competition. The great advance in public morality which to-day refuses to tolerate such abuses becomes at once apparent. In the case of the chapters from the history of the Erie Railroad and its evil spirit, Jay Gould, the corruption of the state judiciary was perhaps the most deplorable feature of the affair. But the necessity of strict financial accountability of the directors of great public-service corporations, both to the government and to the stockholders, is made evident with equal clearness. Public sentiment more sensitive to financial delinquencies to-day than it was a generation ago has compelled the creation of governmental agencies for securing publicity. By such means scandalous abuses of trust are more easily detected and punished. Too often in the past, well-merited punishment has not taken place through the agency of the duly constituted legal authorities. The evil doers have received their just deserts only through condemnation by contemporary public opinion, perpetuated afterward by historical record. To keep alive some of these old scandals cannot fail to impress the fact that the evil which men do lives after them. It is not to be condoned, either by purely private morality, or by material success achieved during life, followed by large benefactions after death.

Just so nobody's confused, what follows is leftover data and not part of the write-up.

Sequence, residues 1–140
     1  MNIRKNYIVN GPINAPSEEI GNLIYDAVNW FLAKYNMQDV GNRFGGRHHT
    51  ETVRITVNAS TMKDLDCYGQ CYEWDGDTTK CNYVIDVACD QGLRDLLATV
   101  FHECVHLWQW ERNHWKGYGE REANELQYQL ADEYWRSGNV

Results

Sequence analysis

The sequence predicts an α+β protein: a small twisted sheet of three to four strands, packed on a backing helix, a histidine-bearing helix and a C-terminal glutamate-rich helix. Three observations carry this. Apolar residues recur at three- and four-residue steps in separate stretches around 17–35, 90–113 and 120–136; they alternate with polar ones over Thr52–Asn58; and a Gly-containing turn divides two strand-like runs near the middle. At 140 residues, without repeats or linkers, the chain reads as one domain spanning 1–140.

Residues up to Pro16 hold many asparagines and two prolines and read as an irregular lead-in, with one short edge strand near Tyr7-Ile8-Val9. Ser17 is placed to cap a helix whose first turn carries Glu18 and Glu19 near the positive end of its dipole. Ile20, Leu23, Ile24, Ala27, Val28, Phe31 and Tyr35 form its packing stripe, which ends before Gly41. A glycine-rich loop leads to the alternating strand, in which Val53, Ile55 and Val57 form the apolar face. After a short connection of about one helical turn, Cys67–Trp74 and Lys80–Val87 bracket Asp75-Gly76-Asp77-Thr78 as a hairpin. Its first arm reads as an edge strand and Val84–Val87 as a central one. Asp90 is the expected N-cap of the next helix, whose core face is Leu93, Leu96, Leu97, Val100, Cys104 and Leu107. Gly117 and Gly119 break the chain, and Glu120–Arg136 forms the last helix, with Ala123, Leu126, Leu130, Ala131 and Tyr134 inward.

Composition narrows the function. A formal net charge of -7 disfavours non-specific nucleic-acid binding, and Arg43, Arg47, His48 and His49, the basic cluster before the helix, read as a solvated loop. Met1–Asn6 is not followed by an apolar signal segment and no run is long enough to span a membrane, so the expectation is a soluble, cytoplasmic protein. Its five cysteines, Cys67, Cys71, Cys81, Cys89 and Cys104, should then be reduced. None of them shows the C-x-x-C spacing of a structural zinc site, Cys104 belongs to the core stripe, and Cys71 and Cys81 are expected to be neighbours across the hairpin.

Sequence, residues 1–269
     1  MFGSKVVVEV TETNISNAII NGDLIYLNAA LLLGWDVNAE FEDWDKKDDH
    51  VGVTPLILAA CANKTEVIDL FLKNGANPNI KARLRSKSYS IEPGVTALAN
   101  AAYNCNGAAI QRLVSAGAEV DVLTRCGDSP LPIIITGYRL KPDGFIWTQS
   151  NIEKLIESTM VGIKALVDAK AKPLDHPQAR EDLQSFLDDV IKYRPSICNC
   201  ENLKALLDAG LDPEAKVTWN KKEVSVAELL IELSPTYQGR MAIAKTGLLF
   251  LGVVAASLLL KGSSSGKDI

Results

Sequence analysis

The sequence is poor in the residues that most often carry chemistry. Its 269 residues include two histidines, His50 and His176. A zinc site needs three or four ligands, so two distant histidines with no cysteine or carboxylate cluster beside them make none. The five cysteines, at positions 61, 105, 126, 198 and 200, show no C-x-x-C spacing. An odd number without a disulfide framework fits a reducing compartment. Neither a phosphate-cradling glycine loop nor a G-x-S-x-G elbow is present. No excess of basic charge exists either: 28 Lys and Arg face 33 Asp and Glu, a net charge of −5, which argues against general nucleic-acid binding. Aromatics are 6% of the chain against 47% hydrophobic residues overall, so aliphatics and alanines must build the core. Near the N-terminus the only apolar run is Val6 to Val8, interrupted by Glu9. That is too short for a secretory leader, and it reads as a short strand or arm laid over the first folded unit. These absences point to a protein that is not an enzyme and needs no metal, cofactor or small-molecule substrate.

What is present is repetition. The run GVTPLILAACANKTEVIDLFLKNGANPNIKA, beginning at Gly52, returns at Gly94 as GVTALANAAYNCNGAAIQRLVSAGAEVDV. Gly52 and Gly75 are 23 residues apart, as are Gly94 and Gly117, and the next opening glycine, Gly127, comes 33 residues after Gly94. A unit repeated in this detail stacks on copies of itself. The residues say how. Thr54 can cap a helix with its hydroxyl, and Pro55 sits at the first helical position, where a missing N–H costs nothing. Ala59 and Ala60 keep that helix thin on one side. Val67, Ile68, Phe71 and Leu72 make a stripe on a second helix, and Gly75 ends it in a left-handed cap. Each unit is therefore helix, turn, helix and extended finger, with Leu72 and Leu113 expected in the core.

The chapter upon "Standard Oil Rebates" has had a more direct bearing upon contemporary affairs. The undoubtedly typical events therein described were a powerful factor in rousing public sentiment in favor of the original Act to Regulate Commerce of 1887. Their fearless republication, fully authenticated by documentary evidence, in the admirable History of the Standard Oil Company by Miss Tarbell, -confirmed as it was in its main conclusions by the masterly "Report upon the Transportation of Petroleum," by the United States Commissioner of Corporations, was an equally powerful influence in crystallizing public sentiment in favor of the recently enacted Hepburn Bill of 1906.2 Public opinion to-day is unanimous in the
1 Ripley's Railroads: Rates and Regulation, chap. vi, on "Personal Discrimination," gives the necessary historical setting.
2 Idem, chaps xiv-xvii, describes and analyzes this legislation.